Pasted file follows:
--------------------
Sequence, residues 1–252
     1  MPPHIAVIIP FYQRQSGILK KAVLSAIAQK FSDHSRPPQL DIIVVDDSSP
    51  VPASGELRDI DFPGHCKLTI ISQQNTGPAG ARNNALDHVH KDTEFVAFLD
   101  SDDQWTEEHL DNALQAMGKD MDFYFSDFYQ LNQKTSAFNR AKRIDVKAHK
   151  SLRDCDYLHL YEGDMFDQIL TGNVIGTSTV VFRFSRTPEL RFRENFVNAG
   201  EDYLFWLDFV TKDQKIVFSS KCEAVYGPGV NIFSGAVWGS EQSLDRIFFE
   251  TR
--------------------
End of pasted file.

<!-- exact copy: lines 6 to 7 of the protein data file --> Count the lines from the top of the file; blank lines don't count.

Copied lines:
   201  EDYLFWLDFV TKDQKIVFSS KCEAVYGPGV NIFSGAVWGS EQSLDRIFFE
   251  TR